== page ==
Iditarod Champ Couldn't Quit on Native people

By: Associated Press Email
By: Associated Press Email

It took John Baker 16 tries to win the Iditarod Trail Sled Dog Race. He had to think long and hard about coming back to defend his title.

The 49-year-old Inupiat musher from northwest Alaska has become
an icon of sorts for Alaska Native youth, and he said he couldn't
retire because so many people are counting on him.

"Seems to be a lot of excitement around the state from the win
we had last time," the soft-spoken Kotzebue musher said prior to
the race.

The 40th running of the Iditarod started Sunday for 66 mushers
and their dog teams. The goal is to be the first to reach the old
gold rush town of Nome, with the winner expected sometime early
next week.

A grandson of race co-founder Joe Redington, Ray Redington Jr.,
was among the leaders Monday night. He and Hugh Neff, who won the 1,000-mile Yukon Quest International Sled Dog Race last month, were among the first mushers into the Rohn checkpoint, about 263 miles into the race. Bunched with them was four-time champion Lance Mackey. Ally Zirkle was the first musher out of Rohn after a stop
of just nine minutes.

Baker, who has 12 top 10 Iditarod finishes, had also reached
Rohn by Monday night, according to GPS tracking on the Iditarod
website.

After Baker spent time in the winner's circle last year with his
lead dogs, Snickers and Velvet, he went to the Nome convention
center to speak with fans.

After spending more than eight days on the trail, he was tired,
bleary eyed and barely able to stay awake.

He said at the time he's more affected than others by sleep
deprivation on the trail, and couldn't commit to running another
Iditarod.

But once he caught up on sleep, he said he looked around and saw
all the people counting on him to run again, from family to friends
to the extended Alaska Native community.

"It would kind of be quitting people" if he didn't race, he
said.

"Throughout the years, from the first time John Baker entered
the Iditarod race, our entire region was there to support him, pray
for him, encourage him, and then of course, for the 2011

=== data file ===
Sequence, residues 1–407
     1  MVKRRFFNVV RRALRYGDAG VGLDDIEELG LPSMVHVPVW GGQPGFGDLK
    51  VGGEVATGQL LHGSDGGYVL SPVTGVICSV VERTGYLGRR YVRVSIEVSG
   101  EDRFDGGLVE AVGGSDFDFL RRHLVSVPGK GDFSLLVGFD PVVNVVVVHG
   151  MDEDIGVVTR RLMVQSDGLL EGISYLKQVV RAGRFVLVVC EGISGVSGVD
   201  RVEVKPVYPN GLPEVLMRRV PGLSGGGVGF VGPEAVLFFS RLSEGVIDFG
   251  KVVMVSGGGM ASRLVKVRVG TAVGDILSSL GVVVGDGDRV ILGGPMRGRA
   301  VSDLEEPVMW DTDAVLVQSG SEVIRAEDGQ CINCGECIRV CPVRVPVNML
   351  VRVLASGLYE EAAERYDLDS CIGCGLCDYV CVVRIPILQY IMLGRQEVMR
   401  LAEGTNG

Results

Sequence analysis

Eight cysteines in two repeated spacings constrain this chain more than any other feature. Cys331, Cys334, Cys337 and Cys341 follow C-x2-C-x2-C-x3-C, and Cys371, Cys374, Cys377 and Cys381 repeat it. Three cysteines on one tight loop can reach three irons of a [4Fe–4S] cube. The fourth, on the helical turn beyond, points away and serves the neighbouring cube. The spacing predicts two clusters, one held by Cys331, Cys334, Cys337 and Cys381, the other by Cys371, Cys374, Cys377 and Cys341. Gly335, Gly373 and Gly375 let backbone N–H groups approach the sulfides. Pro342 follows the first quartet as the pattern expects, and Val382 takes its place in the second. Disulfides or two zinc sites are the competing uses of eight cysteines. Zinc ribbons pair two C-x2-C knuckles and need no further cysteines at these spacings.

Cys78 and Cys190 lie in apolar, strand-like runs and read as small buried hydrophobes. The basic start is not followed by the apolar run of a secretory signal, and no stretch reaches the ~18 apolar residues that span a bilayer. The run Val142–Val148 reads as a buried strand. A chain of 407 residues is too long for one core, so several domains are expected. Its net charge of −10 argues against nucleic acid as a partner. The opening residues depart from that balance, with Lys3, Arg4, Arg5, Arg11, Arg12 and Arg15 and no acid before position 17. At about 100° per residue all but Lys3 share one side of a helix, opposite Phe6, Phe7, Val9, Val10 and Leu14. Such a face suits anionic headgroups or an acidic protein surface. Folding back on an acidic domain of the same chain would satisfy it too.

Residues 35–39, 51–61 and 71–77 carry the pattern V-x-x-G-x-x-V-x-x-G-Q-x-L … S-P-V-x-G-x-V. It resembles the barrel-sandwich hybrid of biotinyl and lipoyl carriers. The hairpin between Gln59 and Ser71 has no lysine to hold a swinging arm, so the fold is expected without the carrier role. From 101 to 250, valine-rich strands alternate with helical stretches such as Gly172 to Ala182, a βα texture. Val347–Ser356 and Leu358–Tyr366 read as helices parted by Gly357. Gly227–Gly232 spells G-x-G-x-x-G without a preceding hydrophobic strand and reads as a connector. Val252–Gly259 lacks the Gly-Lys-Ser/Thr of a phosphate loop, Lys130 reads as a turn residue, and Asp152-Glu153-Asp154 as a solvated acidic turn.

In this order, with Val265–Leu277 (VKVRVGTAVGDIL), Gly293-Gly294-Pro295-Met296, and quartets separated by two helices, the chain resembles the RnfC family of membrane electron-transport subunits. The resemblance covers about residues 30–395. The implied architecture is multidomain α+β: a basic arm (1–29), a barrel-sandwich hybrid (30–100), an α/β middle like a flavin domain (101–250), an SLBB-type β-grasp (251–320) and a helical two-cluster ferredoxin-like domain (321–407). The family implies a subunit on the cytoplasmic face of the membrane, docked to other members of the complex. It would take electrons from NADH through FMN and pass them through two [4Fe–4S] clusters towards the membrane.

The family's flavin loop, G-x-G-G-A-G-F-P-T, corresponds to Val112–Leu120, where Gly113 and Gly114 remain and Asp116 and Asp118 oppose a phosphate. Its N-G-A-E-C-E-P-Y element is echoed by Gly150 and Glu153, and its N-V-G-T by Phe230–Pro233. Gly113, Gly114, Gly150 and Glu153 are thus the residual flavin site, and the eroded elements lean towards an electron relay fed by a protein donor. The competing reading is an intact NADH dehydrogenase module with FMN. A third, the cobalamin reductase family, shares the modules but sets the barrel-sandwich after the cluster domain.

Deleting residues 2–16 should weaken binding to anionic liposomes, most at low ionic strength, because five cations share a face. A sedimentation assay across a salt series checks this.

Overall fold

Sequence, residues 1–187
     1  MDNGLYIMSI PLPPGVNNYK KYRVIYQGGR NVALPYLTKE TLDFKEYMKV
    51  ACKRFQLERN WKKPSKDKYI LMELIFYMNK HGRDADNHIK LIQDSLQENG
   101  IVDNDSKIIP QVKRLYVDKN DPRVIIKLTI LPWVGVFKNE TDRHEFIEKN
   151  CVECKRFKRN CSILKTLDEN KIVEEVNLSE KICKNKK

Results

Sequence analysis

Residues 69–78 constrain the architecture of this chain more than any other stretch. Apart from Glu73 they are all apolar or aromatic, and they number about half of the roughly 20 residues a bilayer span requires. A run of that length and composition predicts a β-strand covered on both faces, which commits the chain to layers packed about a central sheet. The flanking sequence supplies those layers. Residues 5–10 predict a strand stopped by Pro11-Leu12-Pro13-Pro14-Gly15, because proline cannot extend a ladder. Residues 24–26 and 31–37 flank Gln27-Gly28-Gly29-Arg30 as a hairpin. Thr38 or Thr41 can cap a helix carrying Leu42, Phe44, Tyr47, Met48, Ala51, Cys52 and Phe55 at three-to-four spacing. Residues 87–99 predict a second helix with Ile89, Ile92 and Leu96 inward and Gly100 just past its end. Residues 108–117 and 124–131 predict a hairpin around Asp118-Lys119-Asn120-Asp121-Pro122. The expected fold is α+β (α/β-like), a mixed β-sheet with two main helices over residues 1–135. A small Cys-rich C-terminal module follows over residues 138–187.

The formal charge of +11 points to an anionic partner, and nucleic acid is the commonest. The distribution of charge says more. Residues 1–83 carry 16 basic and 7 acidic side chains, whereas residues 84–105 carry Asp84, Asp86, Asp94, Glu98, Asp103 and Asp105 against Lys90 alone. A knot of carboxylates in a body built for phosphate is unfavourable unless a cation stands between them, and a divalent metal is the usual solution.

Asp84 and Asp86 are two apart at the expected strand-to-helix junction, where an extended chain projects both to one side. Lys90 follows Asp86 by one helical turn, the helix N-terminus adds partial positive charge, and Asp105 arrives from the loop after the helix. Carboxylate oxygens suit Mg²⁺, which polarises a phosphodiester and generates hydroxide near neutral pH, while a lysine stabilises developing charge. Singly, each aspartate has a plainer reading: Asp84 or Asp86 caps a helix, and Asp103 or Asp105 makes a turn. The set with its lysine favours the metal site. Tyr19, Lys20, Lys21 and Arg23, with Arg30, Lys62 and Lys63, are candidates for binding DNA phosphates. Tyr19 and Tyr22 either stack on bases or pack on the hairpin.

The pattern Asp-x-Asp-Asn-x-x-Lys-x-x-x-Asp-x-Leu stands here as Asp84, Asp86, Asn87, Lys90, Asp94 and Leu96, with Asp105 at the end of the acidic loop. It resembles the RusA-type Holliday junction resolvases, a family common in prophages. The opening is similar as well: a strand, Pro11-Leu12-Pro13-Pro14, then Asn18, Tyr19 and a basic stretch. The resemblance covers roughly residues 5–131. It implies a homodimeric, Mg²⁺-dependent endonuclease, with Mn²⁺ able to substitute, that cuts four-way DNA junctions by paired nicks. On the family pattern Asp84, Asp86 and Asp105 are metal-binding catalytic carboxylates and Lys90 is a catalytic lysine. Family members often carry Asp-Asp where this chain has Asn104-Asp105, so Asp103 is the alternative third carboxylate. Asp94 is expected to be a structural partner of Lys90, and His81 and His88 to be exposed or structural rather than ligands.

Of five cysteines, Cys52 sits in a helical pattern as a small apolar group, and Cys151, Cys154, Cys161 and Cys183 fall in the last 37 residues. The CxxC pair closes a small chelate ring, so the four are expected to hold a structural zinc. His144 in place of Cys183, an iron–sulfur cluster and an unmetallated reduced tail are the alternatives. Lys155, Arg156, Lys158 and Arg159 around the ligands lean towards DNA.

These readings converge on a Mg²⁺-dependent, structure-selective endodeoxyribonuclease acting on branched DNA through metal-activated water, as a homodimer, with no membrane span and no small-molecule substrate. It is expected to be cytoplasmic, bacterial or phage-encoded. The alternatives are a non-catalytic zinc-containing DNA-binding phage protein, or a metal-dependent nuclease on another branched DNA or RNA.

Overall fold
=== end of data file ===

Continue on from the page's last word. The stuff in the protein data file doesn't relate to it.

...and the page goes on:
championship, we were just doubly overjoyed; very emotional victory
for so many of us," said Marie N. Greene, president and CEO of
NANA Region Corp., a regional Alaska Native corporation.

When he isn't training for the race, Baker spends his time
traveling to Alaska villages and giving Native children a message:
Work hard, follow your dreams, and you can do it.

He was the keynote speaker last fall at the Alaska Federation of
Natives, the state's largest gathering of Native people. He
espoused those themes to a standing-room only crowd, and then was
besieged for autographs following the address.

"He has really given our students, our young people the
encouragement needed," Greene said. "No matter what our dreams
are, we can keep on trying and one day we'll accomplish those
goals, just like he did."

She called him a good ambassador for the state and all Alaska
Native people.

Baker has seen one change since he's become an Iditarod
champion. Children treat him a little bit differently.

"They were quiet and listening for once," he said.

Musher Josh Cadzow, who grew up watching the Iditarod, said
"Baker was always the musher to pull for when I was a kid."

The 23-year-old Athabascan from Fort Yukon is a rookie in this
year's Iditarod and a three-time veteran and the 2010 Rookie of the
Year in the Yukon Quest.

"Hopefully I'm the musher to pull for since he won already. He
did his goal. Now it's my goal," Cadzow said.

Mushing isn't a sport in which people get rich. The total purse
is $550,000 for the first 30 finishers, with the winner receiving
$50,400 and a new truck.

Baker estimated it takes a minimum of $75,000 to train for this
year's race.


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